Monday, June 29, 2009

New Sibley Books

Bookstores are my crack houses. I can't resist entering, buying a cup of coffee and browsing books. I just can't. The same is true of online bookstores. Not quite as fun, but engrossing nonetheless. Coffee's not quite as good, but hey, I get to wear my pajamas. Anyway, I'm browsing Amazon for bird-related and road trip-related items, when I run across two new Sibley books that will be available in the coming months.

The Sibley Guide to Bird Life and Behavior looks really interesting. It might have helped me with my chickadee question in my last post, and a slew of other questions I have while watching birds. I can't always have an ornithologist at my side, so maybe this will be the next best thing.

I want it to be exhaustive, but it can't be, but at 608 pages, it's not exactly light reading, either. The description does say that he's broken it down by bird family. Maybe that's all that's necessary for the recreational birder. Hopefully, there's more informatio than you'll find from some of the free online resources, like Cornell Lab of Ornithology's, All About Birds, but for those of us infinitely more curious, will Sibley's book have more or less information than Cornell's pay for use guide, Birds of North America Online. I guess we'll see.

The Sibley Guide to Trees sounds interesting, but I'm honestly not sure if I'll buy it. I am interested in habitat, and I can name most trees in my region, but beyond that, I'm more of a, "Ooohhh, what a pretty tree!" This is definitely one that I think I will have to flip through at the store and read the reviews for.

The interview with David Sibley in the Amazon description has some interesting information and is worth a read. Below is just a small excerpt from the interview.
The tallest tree ever measured was a Coast Redwood in California at 377 feet tall. The largest single tree by volume was another Coast Redwood with a trunk measuring over 88,000 cubic feet of wood and estimated to weigh over 3300 tons! The oldest tree is a Bristlecone Pine in Nevada known to be nearly 5000 years old. But these records of age and volume are both challenged by the Quaking Aspen, which often grows multiple trunks from a single large root system, and can be considered a single organism. One such plant in Utah covers over 100 acres with 47,000 trunks, and contains an estimated 6000 tons of wood, making it the largest single organism known. Estimates of its age range from 80,000 years up to one million years. The average age of any individual trunk is about 130 years, new trunks are constantly being produced by the root system.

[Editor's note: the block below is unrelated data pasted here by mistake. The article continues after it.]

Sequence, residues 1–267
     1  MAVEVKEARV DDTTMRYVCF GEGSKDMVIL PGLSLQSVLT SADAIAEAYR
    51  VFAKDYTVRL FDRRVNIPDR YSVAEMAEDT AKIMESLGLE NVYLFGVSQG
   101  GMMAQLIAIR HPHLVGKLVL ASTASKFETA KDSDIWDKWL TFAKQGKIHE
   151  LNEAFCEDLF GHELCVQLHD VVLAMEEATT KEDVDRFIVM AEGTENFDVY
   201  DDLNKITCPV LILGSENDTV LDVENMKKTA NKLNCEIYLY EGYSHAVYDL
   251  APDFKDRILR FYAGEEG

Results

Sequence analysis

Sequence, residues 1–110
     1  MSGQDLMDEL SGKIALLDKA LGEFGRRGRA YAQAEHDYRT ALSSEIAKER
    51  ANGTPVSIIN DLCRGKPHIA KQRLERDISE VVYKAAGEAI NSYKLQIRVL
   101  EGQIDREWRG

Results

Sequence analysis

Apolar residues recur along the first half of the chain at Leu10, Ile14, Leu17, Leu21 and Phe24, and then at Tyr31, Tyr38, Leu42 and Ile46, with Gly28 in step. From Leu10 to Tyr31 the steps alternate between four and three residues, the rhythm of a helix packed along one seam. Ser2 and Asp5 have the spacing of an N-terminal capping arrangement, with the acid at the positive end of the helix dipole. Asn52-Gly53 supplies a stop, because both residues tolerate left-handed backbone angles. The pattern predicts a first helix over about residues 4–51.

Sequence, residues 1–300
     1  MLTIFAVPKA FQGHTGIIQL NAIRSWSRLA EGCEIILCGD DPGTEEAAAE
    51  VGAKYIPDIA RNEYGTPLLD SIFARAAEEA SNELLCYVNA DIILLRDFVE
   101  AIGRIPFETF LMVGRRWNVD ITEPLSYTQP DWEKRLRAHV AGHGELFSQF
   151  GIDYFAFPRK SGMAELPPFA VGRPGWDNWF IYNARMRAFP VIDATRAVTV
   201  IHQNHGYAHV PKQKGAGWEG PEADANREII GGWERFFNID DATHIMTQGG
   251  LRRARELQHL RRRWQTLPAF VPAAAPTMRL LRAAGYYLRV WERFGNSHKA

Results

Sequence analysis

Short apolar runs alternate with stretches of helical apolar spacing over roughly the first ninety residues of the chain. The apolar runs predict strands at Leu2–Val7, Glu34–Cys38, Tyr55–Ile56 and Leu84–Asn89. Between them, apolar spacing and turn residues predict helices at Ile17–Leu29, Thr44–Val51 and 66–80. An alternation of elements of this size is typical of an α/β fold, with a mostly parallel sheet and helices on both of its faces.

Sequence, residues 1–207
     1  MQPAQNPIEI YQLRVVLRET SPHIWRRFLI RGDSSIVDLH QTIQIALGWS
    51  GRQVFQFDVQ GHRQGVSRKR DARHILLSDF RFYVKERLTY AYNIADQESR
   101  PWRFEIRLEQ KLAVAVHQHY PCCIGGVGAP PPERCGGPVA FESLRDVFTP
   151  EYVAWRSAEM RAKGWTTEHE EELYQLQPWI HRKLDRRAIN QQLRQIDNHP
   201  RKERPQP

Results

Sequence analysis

He also talks a little bit about trees that are facing extinction, and he mentions the American Chestnut, which was wiped out by the Chestnut Blight of the 1900s, which reminded me of Bill Bryson, author of A Walk in the Woods: Rediscovering America on the Appalachian Trail. He discussed the loss of native plants in North America and the ever changing landscape, even in protected lands, but he specifically mentioned the American Chestnut. By the way, if you like to hike or you love nature and quirky facts, you have got to read that book. I finished this book a few months ago, and I highly recommend it. It has inspired me to try to hike the Pacific Coast Trail... in sections... but I'm still inspired!

Certain oaks are experiencing strain on their populations. In California, the coast live oaks are faced with Sudden Oak Death disease, which can adversely affect the foraging activities of many of the birds that rely on oak arthropods. Chickadees may survive, but the oak titmouse will have more difficulty. I've been trying to photograph a titmouse, but no luck yet.

I've found a hummingbird nest and baby. I'll post that a bit later.


Kelly said...

I can't wait to see your hummingbird nest and baby!
...and thanks for the book post. I too am always looking for guides with more than the usual information in them. Sounds like the new Sibley guide might be nice.

Ratty said...

I'm usually drawn to books too. I usually go more for fiction though. I'd love to have a few field guides on whatever I find, but I like not knowing what kind of plant or animal I'm seeing at first. It makes things a fun mystery for me. I'm looking forward to your hummingbird.

Chris Petrak said...

Thanks for joining my site. I am the same with bookstores as you. I find Sibley's bird behavior a good resource - go to it a couple of times a month. Birds of America is a massive resource. I have not subscribed because I am afraid I won't use it enough and am too tightfisted. Similar (though somewhat dated) is the series by Arthur Cleveland Bent - Life Histories. I finally assembled the 25 volumes of the Dover edition pb from various sources. Long out of print, but a great resource.

Anonymous said...

I hope you get a shot of the oak titmouse. We have hardly any oaks in our area because the disease is rampant.

Good fortune on finding the hummingbird nest. I have a flurry of activity at my house over these stalk things I save for them every year. I don't trim them even when the neighbors complain because I know the hummingbirds will come for them.

Rene said...

@Kelly - I hope so. I can't wait to peruse them!

@Ratty - I usually don't know what I'm looking at, at first. Of course, now I know some species of fauna at a glance, but it's when I get home with the photographs that I can examine field markings and make IDs. I love fiction, too!

Chris Petrak - Thanks! I will have to look into the Life Histories book.

@crazy57bus - SOD is rampant, isn't it? Oaks are so important to our ecosystem in NorCal. I really hope they find a way to combat it soon.